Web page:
That was the last time I saw her. I was so angry I flew back to Vermont without saying goodbye, blocked her on Facebook and ceased all contact.
It’s a terrible thing to admit but, if I’m honest, deep down I was cross my brother, who I was so close to, was the one who had died and that it hadn’t been her. My intense grief manifested as anger, all of which was directed at my sister. As is so often the case with family fall-outs, this was merely the tip of a huge iceberg, and what lay beneath was decades of unresolved resentment.
Tess (right) and Philippa who were both pregnant at the same time
Philippa attending Tess’ wedding to her first husband, pictured with their brother Charles
Philippa and I had been growing apart our whole adult lives, which had taken divergent paths: I left home after getting excellent grades at our private convent school, to go up to Oxford University.
My sister, never academic, left school, aged 16, married at 21 and was a single mum of three by the age of 24.
Meanwhile, I pursued a career as a television news producer, travelling all over the world. When I married Brent Sadler, we enjoyed a fabulous expat lifestyle, with all the trappings; swimming pools, maids and drivers.
Philippa has health problems, including severe anaemia and being bipolar, and has been on invalidity benefits most of her life, which meant, until meeting her current partner ten years ago, she could only afford to live in dodgy areas.
I remember visiting her in one place and standing by the window, fearful someone might steal the hubcaps from my car. I often felt like Hyacinth Bucket, from Keeping Up Appearances, on the set of TV series Shameless.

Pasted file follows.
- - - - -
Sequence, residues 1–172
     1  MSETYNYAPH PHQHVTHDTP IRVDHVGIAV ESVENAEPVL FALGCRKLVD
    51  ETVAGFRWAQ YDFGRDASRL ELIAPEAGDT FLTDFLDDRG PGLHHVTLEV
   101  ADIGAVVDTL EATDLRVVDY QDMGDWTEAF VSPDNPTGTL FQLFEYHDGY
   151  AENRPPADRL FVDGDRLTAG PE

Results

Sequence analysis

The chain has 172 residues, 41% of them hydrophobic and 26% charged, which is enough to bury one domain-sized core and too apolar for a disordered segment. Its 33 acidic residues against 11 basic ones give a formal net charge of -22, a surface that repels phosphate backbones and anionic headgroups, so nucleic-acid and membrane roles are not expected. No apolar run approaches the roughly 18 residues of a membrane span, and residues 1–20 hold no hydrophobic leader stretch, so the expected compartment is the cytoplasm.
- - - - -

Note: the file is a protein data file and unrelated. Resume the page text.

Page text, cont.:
The sisters attending an Oxford Ball together when Tess (left) was a student there
I always paid for dinner when we went out and treated her to things, like a holiday to Cyprus, to stay with me, and felt like she took it for granted.
Despite this complex history, we would have continued rubbing along just fine, chatting every couple of weeks and seeing one another whenever I’m back home in the UK, for a visit or a tour to publicise my latest novel.
But her reaction to Bug’s death, which once again forced me, as the eldest, into the all too familiar role of parental figure, was the final straw. I thought I was done with being a big sister.
But over the years, as I came to terms with my grief, I realised how much I missed Philly. I loved her just as much as I loved Bug, yet I’d allowed us to become estranged. If something happened to her, too, I realised I’d never forgive myself for not extending an olive branch.
So, in December 2018, I wrote her a long letter, telling her how much I loved and missed her, and how desperate I was to have her back in my life.
I sent it via her eldest son, since I didn’t have her address, and unblocked her on Facebook, but when she didn’t reply I was deeply saddened. Then an ordinary day in March turned into one of my happiest, when Philly got in touch out of the blue. Her son had forgotten to give her the letter which had sat, for over a year, on his mantlepiece, unopened.
Tess and Philippa in 1992, soon after Philippa had her first child
We both sobbed down the phone as we shared precious memories, about Bug, our parents and our childhoods.